Quantum Walk in a Bose-Einstein Condensate
Quantum analogs of a random walk lie at the heart of proposed search algorithms for quantum computers. These quantum walks are more complex than their classical counterparts because entanglement and interference among the particles come into play. Now, Gil Summy of Oklahoma State University in Stillwater and colleagues have carried out a quantum walk by manipulating the momenta of atoms in a Bose-Einstein condensate.
In previous demonstrations of quantum walks, the “walkers” were atoms or photons moving in real space. This new work is the first demonstration of a walk in momentum space—every step of the walk corresponds to a discrete change in the walker’s momentum, rather than in its position. Such a momentum-space walk is easier to control than a real-space walk. In this experiment, the walkers are ultracold rubidium atoms. A step in the walk is initiated by a microwave pulse that puts the atoms into a superposition of two hyperfine states. Then, an optical pulse “kicks” the atoms, changing each atom’s momentum by a discrete amount and in a direction that depends on the atom’s internal state. As the walk proceeds through multiple steps, the researchers track changes in the overall momentum distribution.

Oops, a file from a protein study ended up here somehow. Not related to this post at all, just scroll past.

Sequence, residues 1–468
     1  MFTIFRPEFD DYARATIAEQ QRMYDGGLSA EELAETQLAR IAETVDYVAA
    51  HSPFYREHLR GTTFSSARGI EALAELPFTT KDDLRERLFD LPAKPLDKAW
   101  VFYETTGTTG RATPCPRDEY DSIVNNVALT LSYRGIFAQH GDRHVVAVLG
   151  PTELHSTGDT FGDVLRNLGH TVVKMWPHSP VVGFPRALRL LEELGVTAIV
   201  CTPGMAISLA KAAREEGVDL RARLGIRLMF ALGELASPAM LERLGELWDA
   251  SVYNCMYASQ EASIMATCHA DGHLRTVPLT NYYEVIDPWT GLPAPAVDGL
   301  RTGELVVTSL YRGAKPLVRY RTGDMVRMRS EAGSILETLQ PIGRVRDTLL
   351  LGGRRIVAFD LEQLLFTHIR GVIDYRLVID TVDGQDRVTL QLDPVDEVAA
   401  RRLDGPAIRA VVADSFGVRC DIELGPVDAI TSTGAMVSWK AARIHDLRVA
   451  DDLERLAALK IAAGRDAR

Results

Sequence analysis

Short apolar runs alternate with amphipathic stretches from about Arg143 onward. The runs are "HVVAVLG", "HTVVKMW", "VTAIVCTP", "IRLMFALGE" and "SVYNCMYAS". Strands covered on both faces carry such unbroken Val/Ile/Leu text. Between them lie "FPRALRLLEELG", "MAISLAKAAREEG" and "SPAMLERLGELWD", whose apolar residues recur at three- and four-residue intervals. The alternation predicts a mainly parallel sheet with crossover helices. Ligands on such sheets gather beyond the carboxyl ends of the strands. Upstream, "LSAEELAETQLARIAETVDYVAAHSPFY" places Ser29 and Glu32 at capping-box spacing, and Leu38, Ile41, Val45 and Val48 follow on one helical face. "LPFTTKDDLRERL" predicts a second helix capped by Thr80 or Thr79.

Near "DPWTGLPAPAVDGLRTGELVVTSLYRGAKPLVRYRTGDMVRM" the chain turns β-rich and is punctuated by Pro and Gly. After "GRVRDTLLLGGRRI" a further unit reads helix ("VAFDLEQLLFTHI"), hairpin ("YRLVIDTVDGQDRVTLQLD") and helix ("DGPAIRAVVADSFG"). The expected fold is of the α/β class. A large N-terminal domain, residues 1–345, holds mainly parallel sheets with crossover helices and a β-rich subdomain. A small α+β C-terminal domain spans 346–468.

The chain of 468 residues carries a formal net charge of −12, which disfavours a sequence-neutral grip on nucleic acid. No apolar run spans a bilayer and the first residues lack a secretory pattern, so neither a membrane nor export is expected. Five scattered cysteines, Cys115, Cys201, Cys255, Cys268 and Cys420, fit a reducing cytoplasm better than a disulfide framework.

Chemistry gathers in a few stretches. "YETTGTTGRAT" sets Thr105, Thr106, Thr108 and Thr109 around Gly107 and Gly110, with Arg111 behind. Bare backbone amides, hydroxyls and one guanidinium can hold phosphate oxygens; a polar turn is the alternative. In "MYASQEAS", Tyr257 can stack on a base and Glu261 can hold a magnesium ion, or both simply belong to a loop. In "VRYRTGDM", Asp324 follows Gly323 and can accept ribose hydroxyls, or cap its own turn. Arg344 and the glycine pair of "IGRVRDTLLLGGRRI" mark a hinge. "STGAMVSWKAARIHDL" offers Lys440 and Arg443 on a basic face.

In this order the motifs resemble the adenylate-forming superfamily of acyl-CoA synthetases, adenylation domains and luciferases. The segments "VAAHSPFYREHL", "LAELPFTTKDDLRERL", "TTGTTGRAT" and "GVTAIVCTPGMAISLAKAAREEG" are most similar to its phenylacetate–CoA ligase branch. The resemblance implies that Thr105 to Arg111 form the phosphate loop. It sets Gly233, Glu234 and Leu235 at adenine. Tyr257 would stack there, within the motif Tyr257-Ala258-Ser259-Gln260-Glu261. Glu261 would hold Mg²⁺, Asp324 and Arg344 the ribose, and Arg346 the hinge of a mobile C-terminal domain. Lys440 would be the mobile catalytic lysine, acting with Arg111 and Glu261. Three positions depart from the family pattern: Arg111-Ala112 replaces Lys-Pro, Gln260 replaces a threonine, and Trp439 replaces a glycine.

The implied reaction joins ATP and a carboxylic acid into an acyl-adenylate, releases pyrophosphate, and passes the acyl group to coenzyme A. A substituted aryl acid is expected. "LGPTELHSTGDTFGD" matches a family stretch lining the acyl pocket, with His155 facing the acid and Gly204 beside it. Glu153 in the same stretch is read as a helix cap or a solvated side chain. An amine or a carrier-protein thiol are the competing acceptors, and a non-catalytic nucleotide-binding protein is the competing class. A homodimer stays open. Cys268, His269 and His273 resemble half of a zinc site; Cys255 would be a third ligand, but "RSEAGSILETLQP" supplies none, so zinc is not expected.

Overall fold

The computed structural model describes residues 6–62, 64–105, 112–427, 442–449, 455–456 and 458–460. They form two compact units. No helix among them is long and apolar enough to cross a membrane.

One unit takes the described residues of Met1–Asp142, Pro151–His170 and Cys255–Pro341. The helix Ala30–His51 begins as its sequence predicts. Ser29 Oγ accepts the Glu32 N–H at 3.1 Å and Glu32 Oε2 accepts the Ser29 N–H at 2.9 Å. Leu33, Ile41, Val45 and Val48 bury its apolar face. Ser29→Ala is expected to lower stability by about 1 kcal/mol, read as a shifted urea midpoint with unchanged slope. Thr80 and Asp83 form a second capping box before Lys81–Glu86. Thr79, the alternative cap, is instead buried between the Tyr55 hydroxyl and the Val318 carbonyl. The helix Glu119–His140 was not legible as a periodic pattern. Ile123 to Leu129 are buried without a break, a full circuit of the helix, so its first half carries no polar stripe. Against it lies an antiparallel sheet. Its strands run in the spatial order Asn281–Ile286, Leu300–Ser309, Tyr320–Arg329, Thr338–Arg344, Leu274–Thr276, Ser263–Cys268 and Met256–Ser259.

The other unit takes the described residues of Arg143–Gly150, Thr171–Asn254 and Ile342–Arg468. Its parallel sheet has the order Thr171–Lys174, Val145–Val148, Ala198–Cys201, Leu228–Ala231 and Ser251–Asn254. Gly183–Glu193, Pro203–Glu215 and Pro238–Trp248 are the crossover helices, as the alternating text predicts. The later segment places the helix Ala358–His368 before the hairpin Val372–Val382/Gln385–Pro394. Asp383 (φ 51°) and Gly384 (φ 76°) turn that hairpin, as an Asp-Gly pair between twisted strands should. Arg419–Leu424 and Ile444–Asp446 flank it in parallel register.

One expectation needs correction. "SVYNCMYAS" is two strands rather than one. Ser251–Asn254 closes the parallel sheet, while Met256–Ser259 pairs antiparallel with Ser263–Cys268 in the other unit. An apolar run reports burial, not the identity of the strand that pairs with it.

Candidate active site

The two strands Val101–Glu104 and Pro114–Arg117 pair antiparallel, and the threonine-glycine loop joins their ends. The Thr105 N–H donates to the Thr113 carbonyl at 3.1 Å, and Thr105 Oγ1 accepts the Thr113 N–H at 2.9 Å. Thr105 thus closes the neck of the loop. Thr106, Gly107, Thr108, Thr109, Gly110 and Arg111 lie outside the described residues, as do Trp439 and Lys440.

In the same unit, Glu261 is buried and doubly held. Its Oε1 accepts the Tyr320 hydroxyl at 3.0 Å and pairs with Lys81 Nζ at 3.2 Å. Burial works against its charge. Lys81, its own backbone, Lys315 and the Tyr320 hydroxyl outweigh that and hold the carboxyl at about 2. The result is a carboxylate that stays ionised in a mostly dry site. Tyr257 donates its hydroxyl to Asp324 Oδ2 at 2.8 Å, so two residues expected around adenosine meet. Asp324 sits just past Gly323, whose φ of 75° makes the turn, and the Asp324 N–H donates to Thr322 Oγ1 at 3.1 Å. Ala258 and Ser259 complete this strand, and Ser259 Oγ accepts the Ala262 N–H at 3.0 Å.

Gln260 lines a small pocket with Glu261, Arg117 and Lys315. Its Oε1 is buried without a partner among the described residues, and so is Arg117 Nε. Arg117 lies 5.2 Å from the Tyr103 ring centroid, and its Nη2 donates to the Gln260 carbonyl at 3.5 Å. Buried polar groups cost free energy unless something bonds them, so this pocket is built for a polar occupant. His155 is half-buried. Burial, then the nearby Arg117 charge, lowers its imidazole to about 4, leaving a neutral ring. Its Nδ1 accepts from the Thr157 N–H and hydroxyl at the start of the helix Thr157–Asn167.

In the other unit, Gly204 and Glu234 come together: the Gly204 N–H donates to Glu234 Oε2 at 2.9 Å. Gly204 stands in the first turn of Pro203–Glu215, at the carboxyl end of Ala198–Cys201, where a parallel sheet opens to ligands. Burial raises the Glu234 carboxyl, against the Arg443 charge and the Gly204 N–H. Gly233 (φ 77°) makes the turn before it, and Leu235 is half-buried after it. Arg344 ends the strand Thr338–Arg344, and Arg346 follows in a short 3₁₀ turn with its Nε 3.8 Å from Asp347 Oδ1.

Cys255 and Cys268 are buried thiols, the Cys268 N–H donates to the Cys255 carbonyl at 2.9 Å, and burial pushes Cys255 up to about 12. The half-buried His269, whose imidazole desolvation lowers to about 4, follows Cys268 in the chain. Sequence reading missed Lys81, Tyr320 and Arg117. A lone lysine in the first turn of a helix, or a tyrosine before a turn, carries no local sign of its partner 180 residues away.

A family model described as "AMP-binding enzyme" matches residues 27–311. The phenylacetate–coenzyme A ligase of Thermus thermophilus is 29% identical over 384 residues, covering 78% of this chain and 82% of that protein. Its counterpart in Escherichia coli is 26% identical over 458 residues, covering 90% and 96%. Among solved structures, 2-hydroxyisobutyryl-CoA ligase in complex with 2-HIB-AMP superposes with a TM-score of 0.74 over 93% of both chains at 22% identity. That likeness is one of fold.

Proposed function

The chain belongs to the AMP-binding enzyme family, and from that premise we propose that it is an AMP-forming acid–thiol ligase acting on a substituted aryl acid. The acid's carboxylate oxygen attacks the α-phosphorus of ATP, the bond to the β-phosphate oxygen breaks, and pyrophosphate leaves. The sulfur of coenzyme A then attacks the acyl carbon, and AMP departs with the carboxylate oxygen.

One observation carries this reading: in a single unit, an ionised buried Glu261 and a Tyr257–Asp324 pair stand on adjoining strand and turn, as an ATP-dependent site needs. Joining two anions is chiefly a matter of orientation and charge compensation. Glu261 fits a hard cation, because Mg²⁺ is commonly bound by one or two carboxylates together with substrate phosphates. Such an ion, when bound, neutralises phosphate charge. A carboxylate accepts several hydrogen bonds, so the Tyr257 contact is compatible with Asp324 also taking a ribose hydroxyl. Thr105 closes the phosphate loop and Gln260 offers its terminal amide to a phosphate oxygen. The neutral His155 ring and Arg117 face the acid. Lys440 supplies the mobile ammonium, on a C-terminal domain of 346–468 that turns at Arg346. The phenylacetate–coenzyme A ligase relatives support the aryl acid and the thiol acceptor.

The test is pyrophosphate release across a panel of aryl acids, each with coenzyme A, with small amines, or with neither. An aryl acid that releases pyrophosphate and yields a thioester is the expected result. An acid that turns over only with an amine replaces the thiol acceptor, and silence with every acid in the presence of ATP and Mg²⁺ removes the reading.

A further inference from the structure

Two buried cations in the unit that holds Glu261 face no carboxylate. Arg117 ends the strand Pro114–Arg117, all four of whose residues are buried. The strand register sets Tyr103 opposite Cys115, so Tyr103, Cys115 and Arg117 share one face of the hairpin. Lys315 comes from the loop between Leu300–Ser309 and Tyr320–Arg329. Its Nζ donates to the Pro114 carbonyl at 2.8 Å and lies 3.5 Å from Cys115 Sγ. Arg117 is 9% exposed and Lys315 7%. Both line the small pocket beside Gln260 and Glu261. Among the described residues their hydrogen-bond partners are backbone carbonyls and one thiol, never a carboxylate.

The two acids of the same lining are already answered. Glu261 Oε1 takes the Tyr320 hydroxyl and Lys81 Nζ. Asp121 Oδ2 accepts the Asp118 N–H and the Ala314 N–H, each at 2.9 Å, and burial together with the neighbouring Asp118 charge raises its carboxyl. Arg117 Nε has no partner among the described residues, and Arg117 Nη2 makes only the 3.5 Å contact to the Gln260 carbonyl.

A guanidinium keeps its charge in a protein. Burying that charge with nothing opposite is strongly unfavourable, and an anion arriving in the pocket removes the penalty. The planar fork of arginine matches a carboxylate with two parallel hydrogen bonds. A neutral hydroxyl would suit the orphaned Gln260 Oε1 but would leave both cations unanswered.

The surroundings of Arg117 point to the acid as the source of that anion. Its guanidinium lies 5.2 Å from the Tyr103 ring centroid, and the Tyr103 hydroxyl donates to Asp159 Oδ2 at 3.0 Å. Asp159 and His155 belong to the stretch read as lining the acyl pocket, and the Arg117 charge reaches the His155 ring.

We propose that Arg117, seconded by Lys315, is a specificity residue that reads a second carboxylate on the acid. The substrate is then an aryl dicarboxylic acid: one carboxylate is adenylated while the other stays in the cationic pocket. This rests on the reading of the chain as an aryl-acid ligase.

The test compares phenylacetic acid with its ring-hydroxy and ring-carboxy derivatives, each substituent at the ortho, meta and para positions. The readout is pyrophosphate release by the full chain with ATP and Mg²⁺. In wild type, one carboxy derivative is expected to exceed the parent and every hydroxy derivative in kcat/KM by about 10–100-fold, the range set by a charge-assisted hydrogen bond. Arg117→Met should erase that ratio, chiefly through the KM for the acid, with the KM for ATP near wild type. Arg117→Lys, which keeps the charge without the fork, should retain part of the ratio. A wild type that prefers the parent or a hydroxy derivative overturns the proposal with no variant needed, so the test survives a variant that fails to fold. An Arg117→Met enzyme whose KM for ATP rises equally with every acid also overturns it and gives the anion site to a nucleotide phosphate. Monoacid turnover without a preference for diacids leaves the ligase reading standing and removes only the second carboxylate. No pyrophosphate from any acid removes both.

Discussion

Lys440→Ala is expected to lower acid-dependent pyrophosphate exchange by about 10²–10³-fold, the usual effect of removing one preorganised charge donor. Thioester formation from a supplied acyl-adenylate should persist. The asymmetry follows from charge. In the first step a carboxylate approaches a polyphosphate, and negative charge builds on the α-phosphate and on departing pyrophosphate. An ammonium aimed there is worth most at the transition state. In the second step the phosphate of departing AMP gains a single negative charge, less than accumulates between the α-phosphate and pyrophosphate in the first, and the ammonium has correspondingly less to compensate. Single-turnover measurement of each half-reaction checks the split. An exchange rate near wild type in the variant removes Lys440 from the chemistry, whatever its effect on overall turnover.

A Gaussian distribution would be expected for a classical walk. Instead, the authors observe that the momentum distribution evolves to be centered around two peaks that separate as the walk proceeds—a telltale sign of a quantum walk. By tailoring the microwave and optical pulses, the team also shows that they can steer and even reverse the walk, demonstrating a large degree of control that could be useful both in search algorithms and in fundamental tests of quantum mechanics.
This research is published in Physical Review Letters.
Christopher Crockett is a freelance writer based in Arlington, Virginia.